Two decades ago, paper MARs (Medication Administration Records) and manual pneumatic tube transmission of orders/results were fraught with errors. Today, pharmacy systems automatically intercept errors, safeguarding the patient. As they say, “we’ve come a long way, baby!”
As a pediatric and ICU nurse working in nursing administration, I began my consulting career in 1997, entering the HIT industry on the cusp of the soon-to-be released landmark report by the Institute of Medicine, “To Err is Human.” Naturally, the focus was patient safety.
In early 2002, a state health agency was threatening to close a northeastern university hospital for two infant deaths caused by overdosing. I was co-leading an IT team implementing the facility’s first pediatric dose range checking system. An unintended consequence of human behavior became apparent the first day of go-live. The hospital pharmacists disliked the generated printed labels so much that they created workaround, handwriting their own labels. Tragically, that day a pharmacist filled an order with a misplaced decimal point on a handwritten label and the wrong dosage was given to a third child.
We, the IT team, learned an unintended, but profound, lesson: Validate that every physician, nurse and clinician uses the new system as designed to ensure workflow processes in place are being followed.
In those early years as a consultant, I observed another unexpected consequence of implementing integrated systems in a large hospital setting: the “blossoming” of cross-departmental collaboration. After installing a new application together, hospital departments came away with a much better understanding and appreciation of their peers’ workflow processes. The resulting improved end user communications cleared up many misperceptions and ultimately positioned the patient as the focal point of interactions.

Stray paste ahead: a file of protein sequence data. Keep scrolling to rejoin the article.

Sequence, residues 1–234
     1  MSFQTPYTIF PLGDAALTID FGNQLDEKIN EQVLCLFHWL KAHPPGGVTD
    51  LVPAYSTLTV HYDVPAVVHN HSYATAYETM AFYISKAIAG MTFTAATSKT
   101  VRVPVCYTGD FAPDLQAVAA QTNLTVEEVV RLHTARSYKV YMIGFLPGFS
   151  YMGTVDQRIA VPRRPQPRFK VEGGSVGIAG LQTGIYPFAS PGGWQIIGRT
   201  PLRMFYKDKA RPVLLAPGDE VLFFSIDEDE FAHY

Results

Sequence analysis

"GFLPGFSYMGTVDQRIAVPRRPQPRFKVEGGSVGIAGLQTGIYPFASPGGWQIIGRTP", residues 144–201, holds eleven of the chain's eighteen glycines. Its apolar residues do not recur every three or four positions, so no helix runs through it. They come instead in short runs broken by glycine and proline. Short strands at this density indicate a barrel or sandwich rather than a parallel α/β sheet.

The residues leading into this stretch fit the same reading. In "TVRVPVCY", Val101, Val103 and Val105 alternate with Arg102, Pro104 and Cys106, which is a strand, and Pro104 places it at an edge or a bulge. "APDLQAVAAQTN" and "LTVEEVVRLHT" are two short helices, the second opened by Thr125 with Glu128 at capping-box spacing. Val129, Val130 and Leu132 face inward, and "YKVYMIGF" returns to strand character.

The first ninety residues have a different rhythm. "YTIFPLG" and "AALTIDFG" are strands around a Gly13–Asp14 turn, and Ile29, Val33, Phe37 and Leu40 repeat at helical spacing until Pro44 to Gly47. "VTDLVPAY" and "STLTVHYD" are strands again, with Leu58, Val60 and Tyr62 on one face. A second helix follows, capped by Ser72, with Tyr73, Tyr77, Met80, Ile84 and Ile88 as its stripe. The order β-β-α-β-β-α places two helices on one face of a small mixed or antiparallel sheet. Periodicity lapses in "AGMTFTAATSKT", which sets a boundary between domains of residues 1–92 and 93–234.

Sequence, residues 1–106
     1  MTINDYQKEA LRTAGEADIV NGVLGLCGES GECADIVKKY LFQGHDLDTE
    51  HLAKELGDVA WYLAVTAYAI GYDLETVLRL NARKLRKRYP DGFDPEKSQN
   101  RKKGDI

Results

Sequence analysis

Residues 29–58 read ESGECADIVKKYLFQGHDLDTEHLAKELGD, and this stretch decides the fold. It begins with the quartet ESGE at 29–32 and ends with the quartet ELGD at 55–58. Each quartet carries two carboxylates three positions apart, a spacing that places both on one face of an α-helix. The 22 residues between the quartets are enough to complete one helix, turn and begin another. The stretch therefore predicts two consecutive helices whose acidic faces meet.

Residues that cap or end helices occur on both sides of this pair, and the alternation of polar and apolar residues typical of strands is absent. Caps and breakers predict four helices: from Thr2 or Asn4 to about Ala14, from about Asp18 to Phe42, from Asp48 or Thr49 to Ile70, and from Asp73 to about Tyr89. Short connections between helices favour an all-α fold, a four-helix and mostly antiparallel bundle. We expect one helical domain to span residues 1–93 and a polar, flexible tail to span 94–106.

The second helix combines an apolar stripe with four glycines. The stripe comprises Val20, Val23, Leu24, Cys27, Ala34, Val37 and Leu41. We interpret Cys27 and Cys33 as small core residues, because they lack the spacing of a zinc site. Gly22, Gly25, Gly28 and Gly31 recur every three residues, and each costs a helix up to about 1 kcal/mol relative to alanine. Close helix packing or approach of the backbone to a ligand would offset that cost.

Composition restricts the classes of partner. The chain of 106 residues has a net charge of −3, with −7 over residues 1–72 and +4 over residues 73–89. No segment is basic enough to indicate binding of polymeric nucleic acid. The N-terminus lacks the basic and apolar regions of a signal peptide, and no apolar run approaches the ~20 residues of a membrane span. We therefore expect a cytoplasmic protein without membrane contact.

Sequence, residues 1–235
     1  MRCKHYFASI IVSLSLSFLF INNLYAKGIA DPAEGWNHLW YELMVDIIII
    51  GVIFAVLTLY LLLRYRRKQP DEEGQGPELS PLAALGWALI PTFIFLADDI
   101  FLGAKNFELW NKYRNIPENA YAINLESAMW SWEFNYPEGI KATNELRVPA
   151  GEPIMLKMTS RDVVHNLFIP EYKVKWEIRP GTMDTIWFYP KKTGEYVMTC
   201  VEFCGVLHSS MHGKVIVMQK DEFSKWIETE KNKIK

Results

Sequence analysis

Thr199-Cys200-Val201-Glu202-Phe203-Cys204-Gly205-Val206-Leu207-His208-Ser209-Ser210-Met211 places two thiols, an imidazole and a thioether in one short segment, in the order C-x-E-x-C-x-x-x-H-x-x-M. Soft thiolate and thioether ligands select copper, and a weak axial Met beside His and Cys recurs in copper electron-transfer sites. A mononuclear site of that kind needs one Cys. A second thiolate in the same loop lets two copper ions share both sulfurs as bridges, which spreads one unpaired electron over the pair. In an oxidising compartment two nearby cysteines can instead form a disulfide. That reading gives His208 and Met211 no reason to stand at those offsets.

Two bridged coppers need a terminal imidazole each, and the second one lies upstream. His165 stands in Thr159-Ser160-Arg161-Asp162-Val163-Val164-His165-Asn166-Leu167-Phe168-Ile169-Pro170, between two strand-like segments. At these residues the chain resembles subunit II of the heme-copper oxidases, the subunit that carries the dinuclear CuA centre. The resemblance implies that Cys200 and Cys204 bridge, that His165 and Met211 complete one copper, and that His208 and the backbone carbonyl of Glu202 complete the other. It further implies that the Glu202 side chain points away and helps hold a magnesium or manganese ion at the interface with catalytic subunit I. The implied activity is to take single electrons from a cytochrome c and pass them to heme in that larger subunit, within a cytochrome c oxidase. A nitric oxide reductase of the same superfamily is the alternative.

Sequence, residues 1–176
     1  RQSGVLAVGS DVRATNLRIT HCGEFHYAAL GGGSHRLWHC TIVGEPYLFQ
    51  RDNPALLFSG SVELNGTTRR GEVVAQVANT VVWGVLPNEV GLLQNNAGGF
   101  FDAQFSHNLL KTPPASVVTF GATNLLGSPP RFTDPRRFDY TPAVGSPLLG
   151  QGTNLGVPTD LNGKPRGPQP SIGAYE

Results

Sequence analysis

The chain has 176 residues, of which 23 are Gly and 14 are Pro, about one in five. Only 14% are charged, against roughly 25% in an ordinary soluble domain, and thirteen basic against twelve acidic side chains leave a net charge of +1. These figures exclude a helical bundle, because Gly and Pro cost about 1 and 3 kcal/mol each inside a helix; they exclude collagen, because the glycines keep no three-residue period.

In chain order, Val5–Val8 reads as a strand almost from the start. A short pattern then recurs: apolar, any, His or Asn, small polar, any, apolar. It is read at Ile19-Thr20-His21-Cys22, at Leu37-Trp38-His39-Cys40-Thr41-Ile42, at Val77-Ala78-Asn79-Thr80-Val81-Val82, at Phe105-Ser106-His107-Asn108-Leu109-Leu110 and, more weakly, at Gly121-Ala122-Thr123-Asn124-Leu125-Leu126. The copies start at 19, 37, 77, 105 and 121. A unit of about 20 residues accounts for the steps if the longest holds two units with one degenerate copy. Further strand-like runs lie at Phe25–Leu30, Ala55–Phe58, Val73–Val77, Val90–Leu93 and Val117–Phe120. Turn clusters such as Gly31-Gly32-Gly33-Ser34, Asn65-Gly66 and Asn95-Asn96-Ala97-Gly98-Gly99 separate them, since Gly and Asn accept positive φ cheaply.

Other exciting and unexpected consequences of technology progression that I’ve witnessed over the course of my career include:
- WOWs (Workstations on Wheels) have dramatically decreased patient falls by encouraging caregivers to document at the bedside thus having closer proximity to the patient.
- Implementing an enterprise system can standardize processes allowing the use of organizational best practices and sharing of personnel to areas experiencing high patient acuity.
Patients and their families can communicate with providers via technology. When I attended my aunt’s funeral, family members raved about how the patient portal kept them better informed resulting in a greater confidence in the quality of care provided to their mother. Incidentally, I was implementing an EHR at the very same hospital.
About the Contributor
At CTG Health solutions, Sharon Reynolds serves in a delivery oversight capacity for the Cerner and implementation. She is a registered nurse with more than 27 years in the healthcare industry, over 16 years specifically in healthcare IT. Reynolds has significant knowledge in clinical project management, systems implementations and system selections for clinical applications. Reynolds is a Stanford Certified Project Manager in Advanced Program Management. Her operational experience as a clinician is in acute care hospitals with an emphasis in nursing administration, critical care and pediatrics.